Visual Inspection of ERPs
The ERPs time locked to stimulus onset are plotted in Figure 3A. As can be seen in Figure 3A, early in the waveforms there is a small negativity peaking around 100 ms (N1), followed by a considerable positivity peaking around 200 ms post-stimulus onset in frontal sites (P2). Up until about 200–250 ms, ERPs generated by the three languages are quite similar. At all sites there are differences on the negative-going waveform that start at about 250 ms and continue past 500 ms (N400). These negativities peak before 400 ms or after 400 ms depending on language. L2 and L3 tend to pattern together in the 300–500 ms epoch and are noticeably less negative-going than L1 at the beginning of this epoch. Here a clear distinction appears between L1 on the one hand and L2 and L3 on the other hand due to the early peaking of the L1 N400 component. This translates into a greater early negativity for the L1 words compared to words in L2 and L3, and a reversal of this pattern after 400 ms. Also notable is that in the later N400 window, L3 words elicit a larger negativity than L2 words.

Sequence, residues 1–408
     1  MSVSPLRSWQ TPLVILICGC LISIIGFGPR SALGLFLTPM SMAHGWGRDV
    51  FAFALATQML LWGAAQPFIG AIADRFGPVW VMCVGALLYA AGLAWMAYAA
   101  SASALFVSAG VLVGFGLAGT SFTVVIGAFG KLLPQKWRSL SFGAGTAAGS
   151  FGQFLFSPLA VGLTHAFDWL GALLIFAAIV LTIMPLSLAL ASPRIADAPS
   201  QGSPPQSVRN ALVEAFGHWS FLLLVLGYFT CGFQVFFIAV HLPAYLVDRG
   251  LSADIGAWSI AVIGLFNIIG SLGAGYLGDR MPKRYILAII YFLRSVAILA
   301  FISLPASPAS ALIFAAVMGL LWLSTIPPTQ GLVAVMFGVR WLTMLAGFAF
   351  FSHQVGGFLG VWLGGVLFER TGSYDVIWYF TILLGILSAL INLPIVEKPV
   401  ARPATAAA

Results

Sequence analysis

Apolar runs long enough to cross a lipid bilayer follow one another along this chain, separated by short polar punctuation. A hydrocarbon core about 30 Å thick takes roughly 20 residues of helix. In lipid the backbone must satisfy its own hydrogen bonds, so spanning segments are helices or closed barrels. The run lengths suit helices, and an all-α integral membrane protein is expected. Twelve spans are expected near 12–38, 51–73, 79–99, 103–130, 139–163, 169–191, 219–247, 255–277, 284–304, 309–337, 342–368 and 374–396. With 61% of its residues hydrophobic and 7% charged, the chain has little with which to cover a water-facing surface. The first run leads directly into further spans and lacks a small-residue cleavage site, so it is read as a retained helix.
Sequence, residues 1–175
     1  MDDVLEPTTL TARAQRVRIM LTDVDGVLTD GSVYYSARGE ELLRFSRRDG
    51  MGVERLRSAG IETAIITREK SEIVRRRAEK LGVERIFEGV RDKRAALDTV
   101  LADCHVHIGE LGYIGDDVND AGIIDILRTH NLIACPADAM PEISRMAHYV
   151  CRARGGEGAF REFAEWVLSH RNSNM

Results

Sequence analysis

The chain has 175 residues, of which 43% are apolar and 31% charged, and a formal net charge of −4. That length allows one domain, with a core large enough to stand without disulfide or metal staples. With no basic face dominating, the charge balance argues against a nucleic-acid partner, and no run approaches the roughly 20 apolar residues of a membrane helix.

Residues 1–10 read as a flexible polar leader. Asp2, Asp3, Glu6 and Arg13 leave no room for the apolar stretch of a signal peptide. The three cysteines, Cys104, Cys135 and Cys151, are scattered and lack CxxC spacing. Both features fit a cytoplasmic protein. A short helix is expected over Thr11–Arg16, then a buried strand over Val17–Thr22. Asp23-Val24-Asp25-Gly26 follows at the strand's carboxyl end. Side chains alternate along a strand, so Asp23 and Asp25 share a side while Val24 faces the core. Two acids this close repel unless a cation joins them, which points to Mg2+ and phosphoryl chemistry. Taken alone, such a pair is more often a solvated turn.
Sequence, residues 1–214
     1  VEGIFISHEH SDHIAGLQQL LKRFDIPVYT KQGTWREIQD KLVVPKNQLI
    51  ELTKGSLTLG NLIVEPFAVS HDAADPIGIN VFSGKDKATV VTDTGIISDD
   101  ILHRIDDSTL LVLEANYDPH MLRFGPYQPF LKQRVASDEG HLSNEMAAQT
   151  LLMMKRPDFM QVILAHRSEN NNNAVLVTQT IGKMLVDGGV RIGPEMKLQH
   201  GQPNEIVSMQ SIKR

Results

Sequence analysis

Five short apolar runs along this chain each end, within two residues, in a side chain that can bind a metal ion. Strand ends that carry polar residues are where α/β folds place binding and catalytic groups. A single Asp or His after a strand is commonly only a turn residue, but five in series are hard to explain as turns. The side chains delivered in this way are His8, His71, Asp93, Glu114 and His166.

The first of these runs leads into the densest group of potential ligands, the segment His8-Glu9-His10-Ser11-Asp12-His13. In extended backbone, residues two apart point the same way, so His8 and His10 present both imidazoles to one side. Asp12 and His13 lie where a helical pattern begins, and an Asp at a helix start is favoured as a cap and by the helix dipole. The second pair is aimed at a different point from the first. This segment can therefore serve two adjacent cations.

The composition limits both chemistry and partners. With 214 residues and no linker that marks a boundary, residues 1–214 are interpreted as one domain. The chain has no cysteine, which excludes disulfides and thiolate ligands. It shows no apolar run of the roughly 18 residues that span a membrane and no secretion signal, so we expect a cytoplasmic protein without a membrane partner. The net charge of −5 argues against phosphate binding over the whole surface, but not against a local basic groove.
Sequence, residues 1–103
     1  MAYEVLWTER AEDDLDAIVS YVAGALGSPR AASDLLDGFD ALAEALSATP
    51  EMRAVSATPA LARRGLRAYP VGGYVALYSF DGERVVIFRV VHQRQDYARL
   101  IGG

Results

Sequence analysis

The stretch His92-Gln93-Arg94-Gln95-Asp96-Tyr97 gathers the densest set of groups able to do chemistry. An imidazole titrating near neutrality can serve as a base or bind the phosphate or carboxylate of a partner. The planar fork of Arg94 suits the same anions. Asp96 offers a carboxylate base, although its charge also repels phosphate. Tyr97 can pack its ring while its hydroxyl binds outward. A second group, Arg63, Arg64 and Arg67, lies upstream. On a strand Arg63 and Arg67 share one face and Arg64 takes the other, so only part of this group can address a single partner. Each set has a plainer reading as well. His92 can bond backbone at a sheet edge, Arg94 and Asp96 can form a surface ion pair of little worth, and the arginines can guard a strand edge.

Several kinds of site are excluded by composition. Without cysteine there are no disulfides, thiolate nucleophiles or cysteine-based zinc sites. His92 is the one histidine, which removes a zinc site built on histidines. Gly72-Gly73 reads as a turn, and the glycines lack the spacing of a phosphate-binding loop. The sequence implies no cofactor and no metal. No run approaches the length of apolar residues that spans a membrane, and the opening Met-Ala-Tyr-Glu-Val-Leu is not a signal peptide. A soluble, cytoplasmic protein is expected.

Figure 3. Grand average waveforms. (A) ERPs to words in L1 (French), L2 (English), and L3 (Spanish) at nine electrode sites. (B) ERPs to high frequency words and low frequency words. The X-axis indicates time from stimulus onset in milliseconds.
Analysis of Mean Amplitudes
For each epoch we first examined the main effect of LANGUAGE and its interaction with two electrode configuration factors: POSTERIOR-ANTERIOR and LATERALITY, followed by planned pairwise comparisons between the three possible combinations of language: L1 vs. L2, L1 vs. L3, L2 vs. L3. We also compared the effects of LANGUAGE on ERP amplitudes with the effects of word frequency in all three languages. The statistical analyses of FREQUENCY effects are reported after the analyses of LANGUAGE effects.